The Copenhagen Pendant produced by &tradition is a new collection of lights, combining the classic and the modern, the maritime and the industrial.
Posts Tagged ‘copenhagen’
True to form, GamFratesi has decked out The Standard – a large restaurant in Copenhagen – in modern, understated Nordic fashion. Located in a historical building – a customs house from 1937 – the project features the Danish duo’s own designs such as the Beetle Chair, which was launched by Gubi earlier this year at the Salone del Mobile.
The design duo used untreated plywood to build a natural, inventive universe. The bar is located in a cellar and yet has been instilled with a light and airy atmosphere thanks to the uncoated wood and the use of a singular colour – a fresh turquoise that spreads across the floors and selected furnishings.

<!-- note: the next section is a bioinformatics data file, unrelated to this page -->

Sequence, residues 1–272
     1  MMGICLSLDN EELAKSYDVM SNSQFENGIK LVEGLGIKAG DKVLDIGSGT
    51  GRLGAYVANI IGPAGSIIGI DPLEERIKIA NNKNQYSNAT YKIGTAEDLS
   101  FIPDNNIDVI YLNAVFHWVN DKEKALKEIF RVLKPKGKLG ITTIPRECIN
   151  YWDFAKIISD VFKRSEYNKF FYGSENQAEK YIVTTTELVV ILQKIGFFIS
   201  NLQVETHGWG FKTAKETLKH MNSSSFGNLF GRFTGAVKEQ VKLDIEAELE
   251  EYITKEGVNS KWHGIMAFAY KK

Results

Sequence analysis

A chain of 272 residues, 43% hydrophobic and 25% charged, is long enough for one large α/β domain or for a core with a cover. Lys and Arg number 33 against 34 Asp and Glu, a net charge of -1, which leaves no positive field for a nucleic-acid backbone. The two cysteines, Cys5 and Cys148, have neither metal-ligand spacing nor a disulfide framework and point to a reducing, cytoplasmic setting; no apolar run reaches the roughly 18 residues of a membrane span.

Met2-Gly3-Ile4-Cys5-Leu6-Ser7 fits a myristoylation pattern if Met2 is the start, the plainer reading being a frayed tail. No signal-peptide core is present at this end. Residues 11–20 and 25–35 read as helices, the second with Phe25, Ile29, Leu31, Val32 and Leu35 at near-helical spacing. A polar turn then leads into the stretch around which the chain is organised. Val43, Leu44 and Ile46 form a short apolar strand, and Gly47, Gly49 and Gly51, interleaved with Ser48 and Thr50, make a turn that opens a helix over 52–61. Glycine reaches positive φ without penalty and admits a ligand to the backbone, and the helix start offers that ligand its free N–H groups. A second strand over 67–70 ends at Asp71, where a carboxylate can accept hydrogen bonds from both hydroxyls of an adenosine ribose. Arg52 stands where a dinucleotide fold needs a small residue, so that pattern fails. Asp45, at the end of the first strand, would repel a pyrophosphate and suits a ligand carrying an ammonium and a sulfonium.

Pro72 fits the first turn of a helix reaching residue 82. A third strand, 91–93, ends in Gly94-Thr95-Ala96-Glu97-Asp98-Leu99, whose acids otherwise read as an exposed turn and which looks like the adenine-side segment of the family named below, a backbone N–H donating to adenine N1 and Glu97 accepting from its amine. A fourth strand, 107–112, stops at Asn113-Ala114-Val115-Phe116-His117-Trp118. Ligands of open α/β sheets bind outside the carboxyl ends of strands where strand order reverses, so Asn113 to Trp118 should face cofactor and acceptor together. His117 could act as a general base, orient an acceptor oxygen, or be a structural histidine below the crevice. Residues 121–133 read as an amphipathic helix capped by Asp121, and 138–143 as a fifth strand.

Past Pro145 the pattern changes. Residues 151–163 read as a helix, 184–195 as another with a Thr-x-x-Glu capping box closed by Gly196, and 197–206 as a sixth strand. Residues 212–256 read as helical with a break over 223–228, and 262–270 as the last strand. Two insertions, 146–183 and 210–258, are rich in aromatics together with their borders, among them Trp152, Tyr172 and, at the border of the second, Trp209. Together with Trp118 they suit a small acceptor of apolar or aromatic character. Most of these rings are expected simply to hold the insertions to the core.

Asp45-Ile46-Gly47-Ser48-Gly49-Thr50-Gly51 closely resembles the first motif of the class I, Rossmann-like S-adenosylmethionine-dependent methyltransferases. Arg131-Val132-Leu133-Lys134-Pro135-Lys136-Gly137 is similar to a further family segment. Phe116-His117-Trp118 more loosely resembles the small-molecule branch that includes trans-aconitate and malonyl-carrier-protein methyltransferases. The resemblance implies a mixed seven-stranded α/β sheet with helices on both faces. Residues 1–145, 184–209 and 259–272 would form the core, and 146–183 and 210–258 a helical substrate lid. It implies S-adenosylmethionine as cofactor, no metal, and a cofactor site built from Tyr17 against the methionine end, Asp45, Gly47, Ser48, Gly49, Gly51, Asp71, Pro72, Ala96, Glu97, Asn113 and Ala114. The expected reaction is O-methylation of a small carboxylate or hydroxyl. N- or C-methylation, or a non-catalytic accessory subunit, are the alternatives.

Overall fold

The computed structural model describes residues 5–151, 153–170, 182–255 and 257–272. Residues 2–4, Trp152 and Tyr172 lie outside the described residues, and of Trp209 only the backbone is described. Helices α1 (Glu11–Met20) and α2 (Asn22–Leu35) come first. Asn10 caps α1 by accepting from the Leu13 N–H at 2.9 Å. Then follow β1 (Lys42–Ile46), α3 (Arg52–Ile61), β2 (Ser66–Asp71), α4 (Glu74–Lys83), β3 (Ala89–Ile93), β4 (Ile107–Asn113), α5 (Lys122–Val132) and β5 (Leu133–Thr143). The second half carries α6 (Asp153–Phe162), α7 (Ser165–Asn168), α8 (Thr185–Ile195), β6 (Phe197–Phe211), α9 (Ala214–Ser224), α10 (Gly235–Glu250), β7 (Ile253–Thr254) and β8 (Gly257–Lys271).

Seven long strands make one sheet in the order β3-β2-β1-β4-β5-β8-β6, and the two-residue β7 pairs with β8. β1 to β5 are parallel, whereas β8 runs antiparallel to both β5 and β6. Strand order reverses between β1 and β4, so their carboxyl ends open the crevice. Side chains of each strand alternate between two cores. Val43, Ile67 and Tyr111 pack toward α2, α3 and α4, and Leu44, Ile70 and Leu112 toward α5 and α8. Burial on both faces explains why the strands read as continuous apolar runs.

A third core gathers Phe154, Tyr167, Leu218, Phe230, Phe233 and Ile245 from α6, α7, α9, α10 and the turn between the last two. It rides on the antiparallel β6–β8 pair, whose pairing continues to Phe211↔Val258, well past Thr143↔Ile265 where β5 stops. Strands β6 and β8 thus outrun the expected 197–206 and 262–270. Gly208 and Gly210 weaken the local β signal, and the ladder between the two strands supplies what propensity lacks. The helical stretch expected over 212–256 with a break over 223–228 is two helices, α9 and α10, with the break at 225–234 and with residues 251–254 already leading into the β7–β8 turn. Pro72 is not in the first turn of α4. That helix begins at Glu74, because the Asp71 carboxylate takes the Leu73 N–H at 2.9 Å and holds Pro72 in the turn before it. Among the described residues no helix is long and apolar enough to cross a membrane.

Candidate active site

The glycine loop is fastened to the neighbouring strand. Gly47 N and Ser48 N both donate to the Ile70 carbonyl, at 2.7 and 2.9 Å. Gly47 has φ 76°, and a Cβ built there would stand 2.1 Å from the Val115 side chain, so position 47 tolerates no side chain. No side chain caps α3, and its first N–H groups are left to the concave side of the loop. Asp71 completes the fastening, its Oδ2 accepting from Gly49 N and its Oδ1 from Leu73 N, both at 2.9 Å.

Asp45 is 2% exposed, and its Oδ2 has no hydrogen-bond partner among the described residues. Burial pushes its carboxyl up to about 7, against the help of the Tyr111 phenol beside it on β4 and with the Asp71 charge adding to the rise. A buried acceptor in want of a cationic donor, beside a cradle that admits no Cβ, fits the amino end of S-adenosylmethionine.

The installation uses innovative and sophisticated green technology and lighting to illustrate the captivating phenomenon of transforming electricity from renewable sources into transportation. As a narrative element, interactive installations are used to unveil information related to energy, environment, economics and electric cars, all shaped in a relaxing and inspiring environment.
In the VILA Vimmelskaftet shop there has been strived for a look that makes people think of Paris´s natural elegance. The facade underlines the French “Boutique” look with its brassdetails and black,z handpainted look. Inside, the shop is based on elegant design, with focus on simplicity, quality, and texture. A classic concept with a refined twist which creates an identity.
Copenhagen-based Søren Rose Studio have recently realised this series of New York-inspired, limited-edition lamps called ‘Tribeca Edition 1′. With a noticeable industrial flair, the striking, six-piece collection is composed of handmade brass pendant lights, all of which have been assembled from vintage parts found in the US.
While many shops tend to have a clear distinction between storefront and interior, the design of T-magi is intended to allow the shop itself to be perceived as the display window. WE have used the teapot – an object universally associated with tea – as the motif for both the shop, the logo and the PR material.